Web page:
For maximum shelf life under elevated tem perature conditions the electrolyte is given a preliminary content of potassium zincate by dissolving zinc oxide in the solution. The amount of zincato, calculated as zinc, preferably amounts to between 14 and 29 grams of Zinc for each 100 grams of potassium present as potassium hydroxide and potassium zincate. Part of the potasslum hydroxide originally used is converted to potassium zincate by reaction with the zinc oxide so that the percentage of KOH present as such in the solution is reduced. However, the titratable quantity of potassium hydroxide remains' the same due to the reversibility of the reaction with the Zinc oxide.
As the zinc anode is converted to zinc hydroxacoaee'i ide during operation-the thickness of theanode increases. This is compensated for, however, in the structure of the present invention by a progressive decrease in the thickness of thegel electrolyte layer due to withdrawal of'moisture tothe anode. Hence, thetotal thickness and internal pressure of the 'cell assembly"` remains substantially unchanged throughout operation.
The body of` self-sustaining, non-owingelectrolyte gel ydescribed herein not only performsthe usual function of cell electrolyte in undergoing electrochemical reaction With the electrodes and providing an electrolytically conductive path between them, but also functions as a mechanical spacer andas a barrier to the travel of deleteriousyccmpounds, graphit-e particles and reaction productsfrom cathode to anode. The electrolyte being immobilized into a Vgel has no free circulation which would carry compounds from one electrode to the other. A
A'paper or nbre disc can also be impregnated with the hydroxide gel to form an element 53 (Figure 5). In this event less gelling agent may be required, for example 2 grams of sodium carboxymethylcellulose per 100 milliliters of solution.
Other gelling agents which can be used are starch and methyl cellulose.
Figure 6 is a sideview of a small cell 'i having a similar internal construction to that of Figure l. The cell container comprises a steel cup li, a zinc cup 'i2 and a synthetic rubber grommet 73. In this oase, however;-the grommet does not extend Vover the bottom of the zinc cup but leaves the zinc bottom exposed.
Figures '7 and 8 show a battery formed of such cells. The battery comprises two stacks of six cells each, the left hand stack having all the zinc negative terminals facing downward and the right hand stack having the zinc terminals facing upward. The cells are clamped between a top phono-formaldehyde plastic plate 88 and a bottom metal plate 8i. The metal plate electrically connects the two cell stacks together in series. Below metal plate 8i isa layer of resilient material 82, such as sponge rubber and below this is an insulating plate 8S. The entire assembly is clamped together under pressure by a tie wire Sli. Insulating plate 8B is provided with a pair of battery terminals comprising rivets 85 and 86 passing through the plate into contact with the top cells of the stacks, and U-shaped contact springs S7 andA 88 for connecting the battery to a load circuit.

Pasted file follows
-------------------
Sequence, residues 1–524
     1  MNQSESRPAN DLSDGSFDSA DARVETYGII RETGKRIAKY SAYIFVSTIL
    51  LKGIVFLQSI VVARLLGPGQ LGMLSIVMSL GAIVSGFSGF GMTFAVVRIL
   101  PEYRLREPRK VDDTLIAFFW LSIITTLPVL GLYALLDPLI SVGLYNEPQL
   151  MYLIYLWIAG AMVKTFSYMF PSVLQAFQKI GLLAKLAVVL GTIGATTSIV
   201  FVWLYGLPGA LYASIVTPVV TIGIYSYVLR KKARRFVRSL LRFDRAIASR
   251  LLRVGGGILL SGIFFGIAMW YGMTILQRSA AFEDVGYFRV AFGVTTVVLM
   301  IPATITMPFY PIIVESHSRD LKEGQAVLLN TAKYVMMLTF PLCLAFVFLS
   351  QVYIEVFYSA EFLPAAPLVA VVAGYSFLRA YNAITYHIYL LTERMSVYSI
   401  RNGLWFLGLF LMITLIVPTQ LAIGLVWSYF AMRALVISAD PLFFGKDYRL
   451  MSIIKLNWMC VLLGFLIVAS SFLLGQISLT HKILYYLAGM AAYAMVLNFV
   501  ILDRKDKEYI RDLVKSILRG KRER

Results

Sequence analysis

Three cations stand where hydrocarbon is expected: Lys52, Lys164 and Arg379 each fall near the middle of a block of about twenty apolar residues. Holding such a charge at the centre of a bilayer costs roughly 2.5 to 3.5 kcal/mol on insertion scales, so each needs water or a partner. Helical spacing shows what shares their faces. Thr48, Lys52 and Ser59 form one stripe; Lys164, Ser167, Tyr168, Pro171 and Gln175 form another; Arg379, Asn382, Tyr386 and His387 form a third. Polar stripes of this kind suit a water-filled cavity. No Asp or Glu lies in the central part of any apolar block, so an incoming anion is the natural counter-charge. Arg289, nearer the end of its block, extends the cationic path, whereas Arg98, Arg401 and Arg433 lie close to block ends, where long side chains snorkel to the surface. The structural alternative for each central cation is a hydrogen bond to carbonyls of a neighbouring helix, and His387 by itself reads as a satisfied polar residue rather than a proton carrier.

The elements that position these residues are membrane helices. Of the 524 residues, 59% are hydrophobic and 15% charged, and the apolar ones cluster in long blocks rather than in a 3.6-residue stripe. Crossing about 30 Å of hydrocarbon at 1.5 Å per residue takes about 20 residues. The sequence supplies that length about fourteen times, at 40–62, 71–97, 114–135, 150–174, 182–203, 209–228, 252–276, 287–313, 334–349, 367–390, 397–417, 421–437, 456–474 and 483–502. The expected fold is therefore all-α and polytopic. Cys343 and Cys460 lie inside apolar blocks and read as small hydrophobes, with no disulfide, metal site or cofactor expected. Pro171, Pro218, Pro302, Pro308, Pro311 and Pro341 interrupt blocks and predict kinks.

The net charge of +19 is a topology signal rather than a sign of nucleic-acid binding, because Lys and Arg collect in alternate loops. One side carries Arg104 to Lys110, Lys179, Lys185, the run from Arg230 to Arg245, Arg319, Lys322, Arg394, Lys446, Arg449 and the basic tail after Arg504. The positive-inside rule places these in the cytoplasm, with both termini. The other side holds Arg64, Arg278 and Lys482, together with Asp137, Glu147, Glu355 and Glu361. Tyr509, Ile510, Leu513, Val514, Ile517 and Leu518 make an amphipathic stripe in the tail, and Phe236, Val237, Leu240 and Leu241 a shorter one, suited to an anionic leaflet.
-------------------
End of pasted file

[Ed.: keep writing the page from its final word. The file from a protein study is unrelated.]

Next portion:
A partition 83 of insulating sheet plastic is nterposed between the two stacks to prevent accidental short circuiting and a plastic sheath 96 encloses the sides of the assembly and is turned over the ends. The sheath may suitably be formed of vinyl polymer resins, such as Vinylite, or of a viscose film. One method of applying a vinyl resin iilm sheath is as follows: A tube of Vinylite of smaller diameter than will encircle the battery is softened in hot water and then stretched on a form larger than the battery. It is chilled in cold water in the stretched condition after which the form is removed from vthe expanded tube, which retainsits large size. The tube is dried and then slipped over the battery. As it warms up the tube will shrink tightly over the battery into the position illustrated.
The resilient layer 82 of sponge rubber applies uniform pressure to the stack of cells and can take up any swelling of the cells at the end of their life or at any other time.